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Day 28 - Crossing Corsica Pt. 2 


Restarting our motors

Our spirits were high and the air full of adventure as we followed the Corsican coast towards Propriano. The terrain rolled up and down, in and out along the ridges that butte against the Mediterranean Sea. All of a sudden, an inlet turned into a climb, and we found ourselves going up. After three weeks of riding horses, we had lost a lot of our hard-earned fitness and the incline seemed impossible.


Forgotten roads


After a long day of climbing the next day, nightfall began to encroach. The road we were on followed a loud river, and the tree cover mixed with the dampness of the river did not make for an inviting campsite. To emphasize my point: the roads were so damp and unused there was moss growing on them. Around dusk we reached a village of a smattering of houses with little activity. Steaming from the climb, we asked a round older man if we could camp in his yard. He hesitantly said yes; but continued repeating that it would be very cold. While we assured him that we had good winter gear, he continued to stare at us in disbelief, scrunching up his face like he really couldn’t comprehend why anyone would want to camp in his front yard, much less in the winter with their bicycles. Finally after much thinking, he must have accepted that we were crazy people from, as they say in Corsica, “the continent”. He retreated to his cozy house, smoke puffing from the chimney, while we began to make camp. We hoped maybe he’d invite us in for a shower, or a drink, but given he hadn’t asked us any questions about our trip or showed much interest in us except for the fact that we’d be cold, it seemed unlikely.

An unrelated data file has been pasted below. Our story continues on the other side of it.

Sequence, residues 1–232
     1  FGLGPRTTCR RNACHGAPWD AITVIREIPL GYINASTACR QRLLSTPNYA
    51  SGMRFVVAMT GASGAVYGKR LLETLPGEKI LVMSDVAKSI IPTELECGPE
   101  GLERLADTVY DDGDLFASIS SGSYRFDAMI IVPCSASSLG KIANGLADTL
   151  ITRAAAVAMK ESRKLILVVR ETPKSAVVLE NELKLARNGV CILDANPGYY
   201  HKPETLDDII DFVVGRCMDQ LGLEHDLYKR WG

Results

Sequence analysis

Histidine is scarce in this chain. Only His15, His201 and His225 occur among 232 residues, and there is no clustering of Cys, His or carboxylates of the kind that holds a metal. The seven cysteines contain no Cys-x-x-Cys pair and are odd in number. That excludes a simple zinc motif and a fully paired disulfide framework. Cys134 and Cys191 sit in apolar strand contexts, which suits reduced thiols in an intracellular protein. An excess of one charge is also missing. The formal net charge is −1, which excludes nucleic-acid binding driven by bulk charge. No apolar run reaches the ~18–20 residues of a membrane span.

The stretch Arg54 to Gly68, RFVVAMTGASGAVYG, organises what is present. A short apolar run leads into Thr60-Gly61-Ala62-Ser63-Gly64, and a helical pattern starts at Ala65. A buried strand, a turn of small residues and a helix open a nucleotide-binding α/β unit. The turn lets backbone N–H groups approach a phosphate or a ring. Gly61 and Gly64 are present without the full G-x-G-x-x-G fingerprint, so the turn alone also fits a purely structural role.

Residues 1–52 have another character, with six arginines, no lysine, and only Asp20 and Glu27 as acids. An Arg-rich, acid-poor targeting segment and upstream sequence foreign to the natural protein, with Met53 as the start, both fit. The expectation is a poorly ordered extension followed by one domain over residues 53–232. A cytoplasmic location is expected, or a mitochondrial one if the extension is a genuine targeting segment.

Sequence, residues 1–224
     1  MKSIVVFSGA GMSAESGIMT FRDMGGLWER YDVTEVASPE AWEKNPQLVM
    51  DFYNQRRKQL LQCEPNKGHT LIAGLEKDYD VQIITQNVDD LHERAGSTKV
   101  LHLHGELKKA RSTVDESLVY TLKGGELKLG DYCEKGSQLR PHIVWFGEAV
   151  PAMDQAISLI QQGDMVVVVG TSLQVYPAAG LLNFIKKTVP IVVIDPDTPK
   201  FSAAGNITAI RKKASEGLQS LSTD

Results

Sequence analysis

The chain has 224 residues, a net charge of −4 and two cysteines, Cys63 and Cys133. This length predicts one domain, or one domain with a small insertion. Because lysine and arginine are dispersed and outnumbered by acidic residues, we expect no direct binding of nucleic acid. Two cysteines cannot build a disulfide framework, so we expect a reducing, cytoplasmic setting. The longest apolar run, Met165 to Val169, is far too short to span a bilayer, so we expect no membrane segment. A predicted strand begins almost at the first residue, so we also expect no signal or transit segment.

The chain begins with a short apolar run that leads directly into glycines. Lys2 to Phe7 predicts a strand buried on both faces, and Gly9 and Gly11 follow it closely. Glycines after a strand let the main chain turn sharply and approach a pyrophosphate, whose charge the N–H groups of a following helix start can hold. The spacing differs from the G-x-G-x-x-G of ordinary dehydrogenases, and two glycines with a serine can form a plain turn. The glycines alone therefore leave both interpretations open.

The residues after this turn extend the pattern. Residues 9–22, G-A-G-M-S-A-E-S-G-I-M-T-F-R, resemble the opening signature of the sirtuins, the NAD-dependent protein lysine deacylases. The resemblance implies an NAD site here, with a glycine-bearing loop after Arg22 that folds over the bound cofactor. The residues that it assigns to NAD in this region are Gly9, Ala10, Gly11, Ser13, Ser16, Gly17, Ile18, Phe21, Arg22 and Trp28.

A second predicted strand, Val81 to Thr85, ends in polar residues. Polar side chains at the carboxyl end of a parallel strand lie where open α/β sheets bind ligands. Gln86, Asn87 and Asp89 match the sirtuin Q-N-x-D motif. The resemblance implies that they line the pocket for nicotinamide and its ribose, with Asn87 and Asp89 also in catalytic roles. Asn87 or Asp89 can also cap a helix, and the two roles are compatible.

We were wrong, because shortly after he remerged and with only a hint of a smile he said, “The old schoolmaster is coming, he will unlock the school house for you – it will be warmer no?”


The schoolmaster walked ahead of us, refuting our thanks, “Don’t thank me, the building belongs to “la France.” Okay, well, thank you to “la France,” then.


In the one room schoolhouse we dried out our things still wet from the night before on the beach, and put our sleeping mats near the heater. The building had become a resting place for any and all of the municipal affairs and villagers’ belongings – birth and death records gathering dust in a corner, a collection of children’s films under a flat screen television that no longer worked, and boxes and boxes of holiday and festival decorations. Still we were thrilled; a hot meal on the table, a shower from the sink and we were asleep before 10pm. In the morning, we left the keys in the lock as instructed and left the hamlet, its inhabitants just as invisible as when we arrived.

“As they say in Corsica…Goodbye” – Gene Wilder

Our story in Corsica was almost over. Our last night in France we spent atop the white cliffs towering over Bonifacio. We arrived in time to watch the sunset, and across the sea in front of us we could already see the outlines of the mountains in Sardinia beckoning us. We fell asleep already dreaming of the pizza and pasta that awaits us in Italy.

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